Updated: Oct 18, 2020
Before I really figured out how to gauge what a colleague or even a friend really meant when they wanted my opinion, I lost many and ruffled the feathers of several others. When a person asks for your honesty, do they really want it? What are they really asking you? If you're a “straight shooter” who really values honesty and sincerity, how do you navigate the two “S’s” Sincerity and Sensitivity. For me, it took years of disasters to figure it out, and I still occasionally blow it as discussed in Forgiving Others and Forgiving Ourselves.
There are many layers to sincerity somewhat like a cake, but they all require integrity and trustworthiness. Much of what you say depends on your relationship. The bare minimum is genuineness, and the expectation is that if you see disaster approaching you are going to exert a good-faith effort to stave it off. As your relationship deepens, the depth of your wholehearted honesty should too. However, regardless of your relationship parameters sensitivity must always be applied.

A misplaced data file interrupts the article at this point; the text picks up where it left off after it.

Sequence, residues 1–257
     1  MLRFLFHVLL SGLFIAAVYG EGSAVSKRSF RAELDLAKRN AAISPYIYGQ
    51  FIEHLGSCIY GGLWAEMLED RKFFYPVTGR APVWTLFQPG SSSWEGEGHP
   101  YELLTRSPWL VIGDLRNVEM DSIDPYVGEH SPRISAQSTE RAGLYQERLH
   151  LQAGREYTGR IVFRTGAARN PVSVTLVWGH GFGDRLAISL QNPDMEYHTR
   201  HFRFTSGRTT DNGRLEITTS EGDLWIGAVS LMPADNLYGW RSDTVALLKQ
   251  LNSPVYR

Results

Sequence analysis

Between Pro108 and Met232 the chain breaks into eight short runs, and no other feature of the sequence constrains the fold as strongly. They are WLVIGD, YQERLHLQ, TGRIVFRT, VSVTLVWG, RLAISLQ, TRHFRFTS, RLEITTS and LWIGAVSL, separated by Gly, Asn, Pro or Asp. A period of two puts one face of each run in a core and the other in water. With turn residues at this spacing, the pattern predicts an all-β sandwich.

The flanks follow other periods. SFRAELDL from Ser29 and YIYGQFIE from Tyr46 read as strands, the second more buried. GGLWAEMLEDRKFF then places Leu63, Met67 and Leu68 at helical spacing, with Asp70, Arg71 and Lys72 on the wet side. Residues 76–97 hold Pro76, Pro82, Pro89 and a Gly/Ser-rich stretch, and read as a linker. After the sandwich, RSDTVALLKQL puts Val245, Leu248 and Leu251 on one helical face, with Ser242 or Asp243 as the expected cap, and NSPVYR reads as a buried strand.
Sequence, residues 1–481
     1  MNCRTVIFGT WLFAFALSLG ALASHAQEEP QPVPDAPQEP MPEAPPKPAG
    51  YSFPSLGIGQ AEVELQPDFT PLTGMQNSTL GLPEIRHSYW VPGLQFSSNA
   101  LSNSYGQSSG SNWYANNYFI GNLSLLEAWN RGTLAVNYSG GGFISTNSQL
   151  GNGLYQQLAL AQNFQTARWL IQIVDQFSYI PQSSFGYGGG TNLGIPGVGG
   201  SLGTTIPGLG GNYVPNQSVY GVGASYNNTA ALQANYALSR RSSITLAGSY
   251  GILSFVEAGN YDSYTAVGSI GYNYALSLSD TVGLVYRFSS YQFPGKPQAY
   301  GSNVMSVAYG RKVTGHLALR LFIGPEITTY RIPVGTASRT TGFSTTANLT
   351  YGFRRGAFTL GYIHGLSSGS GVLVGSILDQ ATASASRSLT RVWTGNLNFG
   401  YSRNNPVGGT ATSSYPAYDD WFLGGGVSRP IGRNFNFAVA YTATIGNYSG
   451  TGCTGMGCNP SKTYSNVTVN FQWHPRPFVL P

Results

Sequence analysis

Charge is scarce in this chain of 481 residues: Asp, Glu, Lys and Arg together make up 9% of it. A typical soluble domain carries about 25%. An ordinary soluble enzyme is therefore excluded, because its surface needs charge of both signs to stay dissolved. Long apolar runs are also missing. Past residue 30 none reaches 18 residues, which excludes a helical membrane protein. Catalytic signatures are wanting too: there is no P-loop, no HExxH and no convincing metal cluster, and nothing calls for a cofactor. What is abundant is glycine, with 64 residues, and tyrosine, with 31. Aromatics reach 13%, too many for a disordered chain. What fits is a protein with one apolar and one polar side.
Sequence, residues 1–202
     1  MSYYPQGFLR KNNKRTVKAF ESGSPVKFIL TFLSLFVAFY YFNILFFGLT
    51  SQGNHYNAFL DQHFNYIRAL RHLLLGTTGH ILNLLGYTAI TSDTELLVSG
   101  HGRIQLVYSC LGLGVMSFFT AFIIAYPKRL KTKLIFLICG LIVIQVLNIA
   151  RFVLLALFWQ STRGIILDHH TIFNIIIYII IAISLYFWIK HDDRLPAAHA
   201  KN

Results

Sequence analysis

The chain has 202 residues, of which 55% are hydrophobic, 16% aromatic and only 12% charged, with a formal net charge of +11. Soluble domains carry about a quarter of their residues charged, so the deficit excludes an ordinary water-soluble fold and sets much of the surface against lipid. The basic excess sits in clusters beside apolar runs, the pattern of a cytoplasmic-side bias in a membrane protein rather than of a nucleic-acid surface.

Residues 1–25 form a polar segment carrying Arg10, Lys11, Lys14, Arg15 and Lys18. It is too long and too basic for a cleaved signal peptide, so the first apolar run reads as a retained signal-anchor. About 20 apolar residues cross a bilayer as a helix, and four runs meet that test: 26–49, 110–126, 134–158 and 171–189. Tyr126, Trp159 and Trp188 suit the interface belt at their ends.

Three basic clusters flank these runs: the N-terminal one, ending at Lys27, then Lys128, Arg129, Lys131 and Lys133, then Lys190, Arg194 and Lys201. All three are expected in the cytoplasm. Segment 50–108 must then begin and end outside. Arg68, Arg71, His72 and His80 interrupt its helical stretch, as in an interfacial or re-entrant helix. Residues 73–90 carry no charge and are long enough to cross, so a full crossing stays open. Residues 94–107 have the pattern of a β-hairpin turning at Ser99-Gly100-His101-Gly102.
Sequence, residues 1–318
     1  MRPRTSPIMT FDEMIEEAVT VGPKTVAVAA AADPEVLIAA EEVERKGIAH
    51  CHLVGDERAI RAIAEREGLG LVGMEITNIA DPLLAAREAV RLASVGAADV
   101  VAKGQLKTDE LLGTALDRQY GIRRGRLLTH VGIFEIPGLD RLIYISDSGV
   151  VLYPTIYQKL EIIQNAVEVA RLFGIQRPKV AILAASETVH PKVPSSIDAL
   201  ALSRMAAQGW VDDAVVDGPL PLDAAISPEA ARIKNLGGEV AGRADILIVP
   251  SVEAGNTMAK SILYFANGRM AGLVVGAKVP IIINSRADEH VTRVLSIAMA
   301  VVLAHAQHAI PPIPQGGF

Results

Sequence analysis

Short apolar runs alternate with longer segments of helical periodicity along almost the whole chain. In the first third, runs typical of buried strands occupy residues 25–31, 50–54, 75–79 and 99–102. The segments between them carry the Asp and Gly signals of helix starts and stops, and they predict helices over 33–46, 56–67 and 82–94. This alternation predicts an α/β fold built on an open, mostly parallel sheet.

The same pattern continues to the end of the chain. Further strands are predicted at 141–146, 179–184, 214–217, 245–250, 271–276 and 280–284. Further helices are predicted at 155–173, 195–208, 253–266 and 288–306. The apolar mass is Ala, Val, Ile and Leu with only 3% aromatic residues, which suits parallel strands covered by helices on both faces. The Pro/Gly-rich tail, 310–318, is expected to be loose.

This is the true art of being a sincere person who knows how to navigate these treacherous waters. I often like to refer to this as going through the back door. Sometimes it requires you to compliment another idea, or fact first. Other times it requires that you try to lead a person to the truth through questions, or scenarios that could result if the current path is continued.
What is always required is a sensitivity that protects your colleague or friends’ pride.
This requires you to share your candor in private, on occasion. Do not fret if you feel that there is more to be said, and you just are not sure. If you’re known for your authenticity; they’ll come back for more!
Blog post written by Wellness Contributor Dawn Rayburn, EDS, NBCT, LPC for Embrace Candles